Article Title: Metabolic and cardiovascular risk factors in Klinefelter syndrome

Authors: Spaziani and Radicioni

Date of Publication: June 2020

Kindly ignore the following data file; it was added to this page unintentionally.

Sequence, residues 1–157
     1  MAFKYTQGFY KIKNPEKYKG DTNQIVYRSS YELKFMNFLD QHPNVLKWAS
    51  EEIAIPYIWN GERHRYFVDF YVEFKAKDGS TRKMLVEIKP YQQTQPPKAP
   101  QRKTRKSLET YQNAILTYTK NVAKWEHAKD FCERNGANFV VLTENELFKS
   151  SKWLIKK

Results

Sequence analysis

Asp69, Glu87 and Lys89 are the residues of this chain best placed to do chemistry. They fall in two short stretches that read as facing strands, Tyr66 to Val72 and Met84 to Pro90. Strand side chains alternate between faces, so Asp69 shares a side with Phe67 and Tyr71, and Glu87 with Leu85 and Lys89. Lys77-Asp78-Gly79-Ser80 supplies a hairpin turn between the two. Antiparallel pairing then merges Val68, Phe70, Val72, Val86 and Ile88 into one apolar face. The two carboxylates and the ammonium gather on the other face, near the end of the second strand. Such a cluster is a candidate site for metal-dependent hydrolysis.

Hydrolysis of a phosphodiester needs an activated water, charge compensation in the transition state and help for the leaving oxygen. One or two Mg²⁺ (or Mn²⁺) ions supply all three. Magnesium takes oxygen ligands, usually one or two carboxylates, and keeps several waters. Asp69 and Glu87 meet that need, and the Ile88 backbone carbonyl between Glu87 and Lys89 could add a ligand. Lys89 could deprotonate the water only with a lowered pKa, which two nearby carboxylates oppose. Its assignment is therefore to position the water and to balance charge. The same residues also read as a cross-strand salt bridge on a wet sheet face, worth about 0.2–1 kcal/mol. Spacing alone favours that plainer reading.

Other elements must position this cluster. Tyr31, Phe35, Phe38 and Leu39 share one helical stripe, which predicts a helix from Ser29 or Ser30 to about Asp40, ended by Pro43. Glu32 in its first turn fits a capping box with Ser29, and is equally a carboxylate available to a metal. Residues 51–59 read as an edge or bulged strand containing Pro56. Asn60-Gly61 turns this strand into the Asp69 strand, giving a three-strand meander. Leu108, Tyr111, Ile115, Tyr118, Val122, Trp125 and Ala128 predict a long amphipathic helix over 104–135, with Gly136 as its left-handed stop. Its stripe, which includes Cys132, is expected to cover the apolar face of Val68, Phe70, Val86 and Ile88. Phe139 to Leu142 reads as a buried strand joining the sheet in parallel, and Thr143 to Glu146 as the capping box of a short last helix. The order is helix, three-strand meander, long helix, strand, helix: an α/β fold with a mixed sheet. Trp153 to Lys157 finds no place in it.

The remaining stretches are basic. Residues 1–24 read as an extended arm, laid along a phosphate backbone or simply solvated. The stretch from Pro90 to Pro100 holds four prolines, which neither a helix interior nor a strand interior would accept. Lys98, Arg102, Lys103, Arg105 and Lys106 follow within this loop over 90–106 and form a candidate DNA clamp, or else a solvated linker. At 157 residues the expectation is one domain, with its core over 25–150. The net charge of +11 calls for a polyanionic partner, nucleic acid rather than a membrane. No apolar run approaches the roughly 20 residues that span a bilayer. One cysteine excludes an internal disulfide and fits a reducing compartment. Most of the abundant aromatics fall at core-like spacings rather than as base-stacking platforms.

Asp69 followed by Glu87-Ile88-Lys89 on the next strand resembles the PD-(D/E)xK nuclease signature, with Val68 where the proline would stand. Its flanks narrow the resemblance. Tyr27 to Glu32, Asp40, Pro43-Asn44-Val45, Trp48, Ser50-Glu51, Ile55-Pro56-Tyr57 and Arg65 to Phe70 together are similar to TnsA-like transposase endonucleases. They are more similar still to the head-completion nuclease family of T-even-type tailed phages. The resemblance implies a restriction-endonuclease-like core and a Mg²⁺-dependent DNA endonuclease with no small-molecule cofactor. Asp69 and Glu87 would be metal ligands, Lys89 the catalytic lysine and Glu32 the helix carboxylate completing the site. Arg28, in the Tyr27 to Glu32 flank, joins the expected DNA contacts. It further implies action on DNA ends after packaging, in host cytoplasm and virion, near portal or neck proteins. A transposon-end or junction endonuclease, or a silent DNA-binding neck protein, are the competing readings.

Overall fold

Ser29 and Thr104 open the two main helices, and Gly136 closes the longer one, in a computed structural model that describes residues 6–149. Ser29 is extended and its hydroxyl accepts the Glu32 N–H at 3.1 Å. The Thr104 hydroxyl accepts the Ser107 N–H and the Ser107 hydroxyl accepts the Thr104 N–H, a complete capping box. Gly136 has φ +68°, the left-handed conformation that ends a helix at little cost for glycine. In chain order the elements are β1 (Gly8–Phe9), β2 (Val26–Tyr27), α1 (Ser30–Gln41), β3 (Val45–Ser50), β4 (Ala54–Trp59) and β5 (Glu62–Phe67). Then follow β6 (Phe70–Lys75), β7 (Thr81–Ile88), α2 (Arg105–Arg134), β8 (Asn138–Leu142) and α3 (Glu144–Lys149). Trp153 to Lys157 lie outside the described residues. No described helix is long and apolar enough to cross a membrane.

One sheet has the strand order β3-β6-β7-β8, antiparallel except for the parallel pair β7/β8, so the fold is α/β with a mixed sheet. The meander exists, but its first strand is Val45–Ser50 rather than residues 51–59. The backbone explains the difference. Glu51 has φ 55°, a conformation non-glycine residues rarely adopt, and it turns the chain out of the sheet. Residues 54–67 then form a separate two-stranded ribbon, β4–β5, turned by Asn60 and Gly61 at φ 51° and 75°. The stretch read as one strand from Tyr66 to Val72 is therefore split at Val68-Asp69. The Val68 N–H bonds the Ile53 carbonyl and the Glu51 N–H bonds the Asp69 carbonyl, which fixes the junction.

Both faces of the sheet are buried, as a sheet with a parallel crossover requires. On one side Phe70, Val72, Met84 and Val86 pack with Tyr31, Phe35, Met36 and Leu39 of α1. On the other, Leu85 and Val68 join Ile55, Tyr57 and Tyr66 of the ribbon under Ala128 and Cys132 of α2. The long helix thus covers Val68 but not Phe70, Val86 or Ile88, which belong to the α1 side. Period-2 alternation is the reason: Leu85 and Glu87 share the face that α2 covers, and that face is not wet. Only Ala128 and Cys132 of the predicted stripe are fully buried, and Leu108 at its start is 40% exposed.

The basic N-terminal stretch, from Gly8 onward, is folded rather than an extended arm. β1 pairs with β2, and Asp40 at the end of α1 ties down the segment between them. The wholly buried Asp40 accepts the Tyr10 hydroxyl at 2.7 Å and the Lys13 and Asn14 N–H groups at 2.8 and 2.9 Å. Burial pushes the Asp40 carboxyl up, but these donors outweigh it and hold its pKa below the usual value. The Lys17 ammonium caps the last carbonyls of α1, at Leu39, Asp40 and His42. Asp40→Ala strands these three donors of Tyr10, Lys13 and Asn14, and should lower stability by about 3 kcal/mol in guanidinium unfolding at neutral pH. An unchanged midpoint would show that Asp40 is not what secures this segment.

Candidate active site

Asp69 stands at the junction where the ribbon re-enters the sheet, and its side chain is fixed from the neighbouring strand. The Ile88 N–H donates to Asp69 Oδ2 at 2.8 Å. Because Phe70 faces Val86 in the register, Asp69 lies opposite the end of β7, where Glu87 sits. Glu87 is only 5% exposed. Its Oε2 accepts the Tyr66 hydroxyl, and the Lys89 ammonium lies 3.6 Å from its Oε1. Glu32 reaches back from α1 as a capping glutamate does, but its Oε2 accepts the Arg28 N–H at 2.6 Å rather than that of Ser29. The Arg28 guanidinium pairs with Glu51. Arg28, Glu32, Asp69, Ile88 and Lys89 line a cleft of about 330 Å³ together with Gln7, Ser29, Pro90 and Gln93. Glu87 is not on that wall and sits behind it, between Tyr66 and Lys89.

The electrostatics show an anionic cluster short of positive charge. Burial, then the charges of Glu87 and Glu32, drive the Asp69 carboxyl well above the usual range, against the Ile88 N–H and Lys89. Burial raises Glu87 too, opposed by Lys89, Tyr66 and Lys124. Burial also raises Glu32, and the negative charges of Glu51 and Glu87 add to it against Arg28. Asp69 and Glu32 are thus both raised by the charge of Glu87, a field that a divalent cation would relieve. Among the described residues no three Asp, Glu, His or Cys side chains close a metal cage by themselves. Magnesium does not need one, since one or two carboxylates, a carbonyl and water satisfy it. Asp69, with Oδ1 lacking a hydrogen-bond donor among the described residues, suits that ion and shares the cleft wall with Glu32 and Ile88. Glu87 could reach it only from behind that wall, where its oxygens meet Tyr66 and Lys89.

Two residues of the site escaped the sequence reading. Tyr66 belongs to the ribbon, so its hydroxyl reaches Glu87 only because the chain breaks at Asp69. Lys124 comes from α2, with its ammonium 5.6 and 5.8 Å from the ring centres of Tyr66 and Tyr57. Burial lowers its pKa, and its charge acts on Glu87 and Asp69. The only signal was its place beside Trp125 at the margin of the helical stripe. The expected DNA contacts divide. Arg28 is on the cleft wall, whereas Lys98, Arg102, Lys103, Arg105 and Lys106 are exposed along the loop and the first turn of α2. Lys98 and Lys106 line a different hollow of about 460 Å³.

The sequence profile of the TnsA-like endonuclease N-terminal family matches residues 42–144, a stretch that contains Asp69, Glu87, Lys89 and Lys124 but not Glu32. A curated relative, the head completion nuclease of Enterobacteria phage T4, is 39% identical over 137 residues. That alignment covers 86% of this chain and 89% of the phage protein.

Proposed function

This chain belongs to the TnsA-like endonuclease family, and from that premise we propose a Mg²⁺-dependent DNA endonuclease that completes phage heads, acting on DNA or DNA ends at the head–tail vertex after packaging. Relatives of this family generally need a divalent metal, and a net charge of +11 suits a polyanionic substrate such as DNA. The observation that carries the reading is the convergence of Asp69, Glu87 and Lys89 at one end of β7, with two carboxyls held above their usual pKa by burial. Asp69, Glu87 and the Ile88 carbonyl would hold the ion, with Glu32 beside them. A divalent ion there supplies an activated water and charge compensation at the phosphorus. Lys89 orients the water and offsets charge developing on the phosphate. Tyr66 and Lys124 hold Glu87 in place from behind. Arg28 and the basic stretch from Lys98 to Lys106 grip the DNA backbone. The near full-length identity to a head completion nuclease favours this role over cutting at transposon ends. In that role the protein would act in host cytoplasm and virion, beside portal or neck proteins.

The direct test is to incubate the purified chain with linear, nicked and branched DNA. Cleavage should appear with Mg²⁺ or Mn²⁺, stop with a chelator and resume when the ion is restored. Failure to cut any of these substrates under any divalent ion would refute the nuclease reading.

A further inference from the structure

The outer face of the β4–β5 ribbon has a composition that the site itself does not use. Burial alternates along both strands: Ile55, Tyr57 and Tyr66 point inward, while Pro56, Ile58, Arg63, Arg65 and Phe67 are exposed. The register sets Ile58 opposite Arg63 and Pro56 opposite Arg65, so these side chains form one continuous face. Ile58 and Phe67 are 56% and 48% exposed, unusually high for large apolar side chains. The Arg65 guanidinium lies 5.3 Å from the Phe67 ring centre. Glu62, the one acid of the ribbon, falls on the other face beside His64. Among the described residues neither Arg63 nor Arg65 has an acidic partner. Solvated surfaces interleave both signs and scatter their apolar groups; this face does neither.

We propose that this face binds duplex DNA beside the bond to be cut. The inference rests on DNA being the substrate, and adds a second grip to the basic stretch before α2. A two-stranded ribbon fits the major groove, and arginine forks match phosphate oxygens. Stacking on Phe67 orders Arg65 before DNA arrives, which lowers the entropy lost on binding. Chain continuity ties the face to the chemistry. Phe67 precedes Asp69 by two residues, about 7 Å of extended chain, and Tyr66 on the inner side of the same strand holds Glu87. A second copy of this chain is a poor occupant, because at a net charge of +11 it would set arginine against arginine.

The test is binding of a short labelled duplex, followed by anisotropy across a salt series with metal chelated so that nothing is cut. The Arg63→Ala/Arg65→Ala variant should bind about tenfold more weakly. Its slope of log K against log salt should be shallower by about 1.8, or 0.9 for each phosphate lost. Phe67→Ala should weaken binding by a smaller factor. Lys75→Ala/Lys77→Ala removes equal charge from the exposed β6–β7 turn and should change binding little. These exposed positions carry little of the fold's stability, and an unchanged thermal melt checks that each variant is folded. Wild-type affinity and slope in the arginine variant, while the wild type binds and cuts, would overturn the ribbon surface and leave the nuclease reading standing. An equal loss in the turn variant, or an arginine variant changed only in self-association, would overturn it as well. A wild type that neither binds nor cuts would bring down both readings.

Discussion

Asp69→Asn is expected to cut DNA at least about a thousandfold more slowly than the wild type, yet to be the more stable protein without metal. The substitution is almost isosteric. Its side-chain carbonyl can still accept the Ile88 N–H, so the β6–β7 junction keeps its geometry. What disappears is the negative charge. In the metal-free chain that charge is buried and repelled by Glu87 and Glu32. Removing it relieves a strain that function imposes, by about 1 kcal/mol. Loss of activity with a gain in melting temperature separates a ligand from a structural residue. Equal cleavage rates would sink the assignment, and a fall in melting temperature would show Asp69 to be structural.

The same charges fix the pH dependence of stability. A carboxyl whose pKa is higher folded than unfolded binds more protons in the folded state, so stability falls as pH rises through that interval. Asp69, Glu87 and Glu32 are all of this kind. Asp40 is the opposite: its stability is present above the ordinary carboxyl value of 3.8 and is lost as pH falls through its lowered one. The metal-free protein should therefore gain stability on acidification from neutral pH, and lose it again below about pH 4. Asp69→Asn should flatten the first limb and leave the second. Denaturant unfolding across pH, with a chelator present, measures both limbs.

“Klinefelter syndrome (KS), which normally presents with a 47,XXY karyotype, is the most common sex chromosome disorder in males. It is also the most common genetic cause of male infertility. KS subjects are typically tall, with small and firm testes, gynecomastia, broad hips, and sparse body hair, although a less evident presentation is also possible. KS is also characterized by a high prevalence of hypogonadism, metabolic syndrome (MetS) and cardiovascular disease. The aim of this article is to systematically review metabolic and the cardiovascular risk factors in KS patients. Hypogonadism has an important role in the pathogenesis of the changes in body composition (particularly visceral obesity) and hence of insulin resistance and MetS, but the association between KS and MetS may go beyond hypogonadism alone. From childhood, KS patients may show an increase in visceral fat with a reduction in lean body mass and an increase in glucose and impaired fat metabolism. Their increased incidence of congenital anomalies, epicardial adipose tissue, and thromboembolic disease suggests they have a higher risk of cardiovascular disease. There is conflicting evidence on the effects of testosterone therapy on body composition and metabolism.”

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